Obaid Siddiqi Lectures - India as a Linguistic Civilisation: A lecture in three parts
Archives at the National Centre for Biological Sciences
Obaid Siddiqi Lectures
Annual lectures delivered by the Obaid Siddiqi Chair in the History and Culture of Science at the Archives at NCBS.
Supported by TNQ Technologies.
India as a Linguistic Civilization
A lecture in three parts
Obaid Siddiqi Chair, Archives at NCBS
July 13, 14, 15 at 4:00 PM
Mount Carmel College
Free and open to the public
Abstract: It is common knowledge that India has an amazing language diversity. In the last Census (2011), the number of identified 'Mother Tongues' claimed by Indian citizens was 1369. This is about one fifth of the languages globally identified as 'Mother Tongues'.
The three lectures will focus on explaining questions such as: Why does India have such a language diversity? What has been the nature of various historical encounters between different language families? What makes average Indians multilingual? What indeed is the impact of language diversity on the cultural and social formations in India? Why are most of the languages diminishing over the last few decades? What indeed is the future of Indian languages? The lectures will draw upon various disciplines such as Literary and Cultural studies, History, Anthropology, Linguistics and Social sciences. They will also draw upon the People's Linguistic survey of India which was carried out by Ganesh Devy. Despite the existing language diversity, the future of languages -- in India and outside -- is not very promising. The lectures will try to analyze the sources of risk to natural languages in the digital future driven by artificial memory. Devy will bring to bear upon these three lectures his lifelong work with minority communities and vanishing languages.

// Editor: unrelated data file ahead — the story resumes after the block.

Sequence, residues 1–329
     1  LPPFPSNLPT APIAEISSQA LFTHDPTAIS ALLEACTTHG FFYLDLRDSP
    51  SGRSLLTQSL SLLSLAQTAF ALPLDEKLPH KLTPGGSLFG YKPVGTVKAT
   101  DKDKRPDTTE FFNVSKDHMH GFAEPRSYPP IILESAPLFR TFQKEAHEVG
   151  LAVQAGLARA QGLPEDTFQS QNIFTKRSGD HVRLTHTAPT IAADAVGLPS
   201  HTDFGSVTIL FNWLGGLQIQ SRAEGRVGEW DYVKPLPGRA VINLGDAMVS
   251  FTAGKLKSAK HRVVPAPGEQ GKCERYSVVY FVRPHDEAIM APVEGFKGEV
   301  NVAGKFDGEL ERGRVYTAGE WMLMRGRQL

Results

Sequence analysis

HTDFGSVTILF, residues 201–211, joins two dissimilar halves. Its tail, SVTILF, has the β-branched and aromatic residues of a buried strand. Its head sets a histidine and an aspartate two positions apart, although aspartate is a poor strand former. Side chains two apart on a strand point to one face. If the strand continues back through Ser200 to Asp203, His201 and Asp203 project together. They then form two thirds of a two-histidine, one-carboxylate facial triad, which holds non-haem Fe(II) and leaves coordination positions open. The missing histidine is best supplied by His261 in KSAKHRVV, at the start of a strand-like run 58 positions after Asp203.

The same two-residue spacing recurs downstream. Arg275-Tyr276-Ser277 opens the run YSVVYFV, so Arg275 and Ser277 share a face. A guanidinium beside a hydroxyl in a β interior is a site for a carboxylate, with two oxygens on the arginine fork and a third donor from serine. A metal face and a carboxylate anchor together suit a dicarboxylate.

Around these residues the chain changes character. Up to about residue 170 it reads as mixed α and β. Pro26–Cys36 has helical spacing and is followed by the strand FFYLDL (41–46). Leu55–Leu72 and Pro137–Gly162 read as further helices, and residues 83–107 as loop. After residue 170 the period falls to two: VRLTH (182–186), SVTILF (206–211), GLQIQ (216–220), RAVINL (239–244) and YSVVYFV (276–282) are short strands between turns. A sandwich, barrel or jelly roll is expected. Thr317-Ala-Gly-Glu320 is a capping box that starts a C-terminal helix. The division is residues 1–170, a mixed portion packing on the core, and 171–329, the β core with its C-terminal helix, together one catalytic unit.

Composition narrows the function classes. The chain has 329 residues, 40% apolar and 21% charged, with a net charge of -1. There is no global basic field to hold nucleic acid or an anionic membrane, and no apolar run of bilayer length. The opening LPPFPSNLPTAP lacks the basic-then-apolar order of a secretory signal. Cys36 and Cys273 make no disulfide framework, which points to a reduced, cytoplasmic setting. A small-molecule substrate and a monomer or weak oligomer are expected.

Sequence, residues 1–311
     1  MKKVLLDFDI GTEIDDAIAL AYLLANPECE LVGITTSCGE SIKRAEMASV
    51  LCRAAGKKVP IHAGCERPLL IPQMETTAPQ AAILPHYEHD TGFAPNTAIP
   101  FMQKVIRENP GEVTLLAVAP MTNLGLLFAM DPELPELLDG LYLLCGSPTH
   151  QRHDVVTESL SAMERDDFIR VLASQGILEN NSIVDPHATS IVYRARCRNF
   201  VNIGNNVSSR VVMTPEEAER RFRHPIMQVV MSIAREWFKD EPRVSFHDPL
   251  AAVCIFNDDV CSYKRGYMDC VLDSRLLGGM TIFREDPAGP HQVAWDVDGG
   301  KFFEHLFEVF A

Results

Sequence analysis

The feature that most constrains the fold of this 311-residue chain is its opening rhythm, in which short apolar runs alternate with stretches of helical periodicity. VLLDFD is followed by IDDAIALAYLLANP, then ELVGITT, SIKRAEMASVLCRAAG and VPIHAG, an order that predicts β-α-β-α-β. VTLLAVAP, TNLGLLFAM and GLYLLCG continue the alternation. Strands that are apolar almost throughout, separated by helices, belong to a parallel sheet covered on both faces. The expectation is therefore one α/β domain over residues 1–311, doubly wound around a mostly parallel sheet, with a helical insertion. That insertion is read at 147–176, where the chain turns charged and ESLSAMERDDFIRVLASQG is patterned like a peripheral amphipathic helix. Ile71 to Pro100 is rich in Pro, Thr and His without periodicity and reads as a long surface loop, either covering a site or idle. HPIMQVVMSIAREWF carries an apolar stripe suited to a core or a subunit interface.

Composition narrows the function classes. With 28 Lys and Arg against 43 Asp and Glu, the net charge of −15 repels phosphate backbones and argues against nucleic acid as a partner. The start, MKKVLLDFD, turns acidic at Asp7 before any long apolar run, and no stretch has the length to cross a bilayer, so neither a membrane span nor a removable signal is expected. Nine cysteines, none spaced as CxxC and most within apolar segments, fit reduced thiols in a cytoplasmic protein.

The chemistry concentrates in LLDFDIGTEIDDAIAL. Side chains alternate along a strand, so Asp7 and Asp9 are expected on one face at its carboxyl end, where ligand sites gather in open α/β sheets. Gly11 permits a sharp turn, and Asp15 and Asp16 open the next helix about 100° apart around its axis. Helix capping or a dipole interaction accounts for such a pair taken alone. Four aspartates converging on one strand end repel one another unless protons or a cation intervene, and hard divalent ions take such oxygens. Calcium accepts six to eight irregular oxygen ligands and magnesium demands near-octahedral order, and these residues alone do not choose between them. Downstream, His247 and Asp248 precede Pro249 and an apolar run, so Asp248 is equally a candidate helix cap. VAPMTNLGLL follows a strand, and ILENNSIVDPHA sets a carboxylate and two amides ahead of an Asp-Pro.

Bio: Prof Ganesh N Devy is the recipient of the second Obaid Siddiqi Chair in the History and Culture of Science at the Archives at NCBS. A renowned literary scholar, historian, and social and cultural activist, he is perhaps best known for establishing the People's Linguistic Survey of India (PLSI). In addition to the PLSI, Prof Devy founded the Adivasi Academy and Bhasha Research and Publication Centre, an organization dedicated to studying and conserving Indian languages, championing tribal art and literature, and uplifting Adivasi communities through educational and financial assistance. In 2014, he received a Padma Shri for his work on nomadic tribes and dying languages.